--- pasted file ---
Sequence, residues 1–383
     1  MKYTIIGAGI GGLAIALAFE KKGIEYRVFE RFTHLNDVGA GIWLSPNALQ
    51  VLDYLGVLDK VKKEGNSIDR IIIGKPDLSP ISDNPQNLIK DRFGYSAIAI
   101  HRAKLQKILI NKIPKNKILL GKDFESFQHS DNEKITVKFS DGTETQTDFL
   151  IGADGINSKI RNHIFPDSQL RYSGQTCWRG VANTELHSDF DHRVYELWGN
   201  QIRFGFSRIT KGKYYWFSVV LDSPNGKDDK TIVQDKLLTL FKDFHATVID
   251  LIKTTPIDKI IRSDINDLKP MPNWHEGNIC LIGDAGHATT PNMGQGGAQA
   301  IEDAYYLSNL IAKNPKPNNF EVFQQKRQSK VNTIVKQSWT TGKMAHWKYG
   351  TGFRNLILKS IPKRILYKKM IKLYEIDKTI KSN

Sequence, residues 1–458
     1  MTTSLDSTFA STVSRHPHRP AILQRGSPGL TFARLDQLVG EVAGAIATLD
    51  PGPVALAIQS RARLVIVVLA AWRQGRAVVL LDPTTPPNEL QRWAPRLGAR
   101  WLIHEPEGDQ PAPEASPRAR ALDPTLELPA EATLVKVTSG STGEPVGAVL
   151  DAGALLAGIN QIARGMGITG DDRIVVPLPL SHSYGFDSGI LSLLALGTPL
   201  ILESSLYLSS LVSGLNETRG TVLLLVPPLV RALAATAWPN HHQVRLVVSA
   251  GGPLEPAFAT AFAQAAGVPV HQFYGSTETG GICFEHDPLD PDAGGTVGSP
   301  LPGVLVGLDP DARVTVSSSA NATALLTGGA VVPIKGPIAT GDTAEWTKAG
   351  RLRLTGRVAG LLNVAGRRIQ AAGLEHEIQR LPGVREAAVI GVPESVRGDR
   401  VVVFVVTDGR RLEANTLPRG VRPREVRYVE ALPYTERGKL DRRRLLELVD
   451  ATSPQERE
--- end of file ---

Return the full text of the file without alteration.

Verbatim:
Sequence, residues 1–383
     1  MKYTIIGAGI GGLAIALAFE KKGIEYRVFE RFTHLNDVGA GIWLSPNALQ
    51  VLDYLGVLDK VKKEGNSIDR IIIGKPDLSP ISDNPQNLIK DRFGYSAIAI
   101  HRAKLQKILI NKIPKNKILL GKDFESFQHS DNEKITVKFS DGTETQTDFL
   151  IGADGINSKI RNHIFPDSQL RYSGQTCWRG VANTELHSDF DHRVYELWGN
   201  QIRFGFSRIT KGKYYWFSVV LDSPNGKDDK TIVQDKLLTL FKDFHATVID
   251  LIKTTPIDKI IRSDINDLKP MPNWHEGNIC LIGDAGHATT PNMGQGGAQA
   301  IEDAYYLSNL IAKNPKPNNF EVFQQKRQSK VNTIVKQSWT TGKMAHWKYG
   351  TGFRNLILKS IPKRILYKKM IKLYEIDKTI KSN

Sequence, residues 1–458
     1  MTTSLDSTFA STVSRHPHRP AILQRGSPGL TFARLDQLVG EVAGAIATLD
    51  PGPVALAIQS RARLVIVVLA AWRQGRAVVL LDPTTPPNEL QRWAPRLGAR
   101  WLIHEPEGDQ PAPEASPRAR ALDPTLELPA EATLVKVTSG STGEPVGAVL
   151  DAGALLAGIN QIARGMGITG DDRIVVPLPL SHSYGFDSGI LSLLALGTPL
   201  ILESSLYLSS LVSGLNETRG TVLLLVPPLV RALAATAWPN HHQVRLVVSA
   251  GGPLEPAFAT AFAQAAGVPV HQFYGSTETG GICFEHDPLD PDAGGTVGSP
   301  LPGVLVGLDP DARVTVSSSA NATALLTGGA VVPIKGPIAT GDTAEWTKAG
   351  RLRLTGRVAG LLNVAGRRIQ AAGLEHEIQR LPGVREAAVI GVPESVRGDR
   401  VVVFVVTDGR RLEANTLPRG VRPREVRYVE ALPYTERGKL DRRRLLELVD
   451  ATSPQERE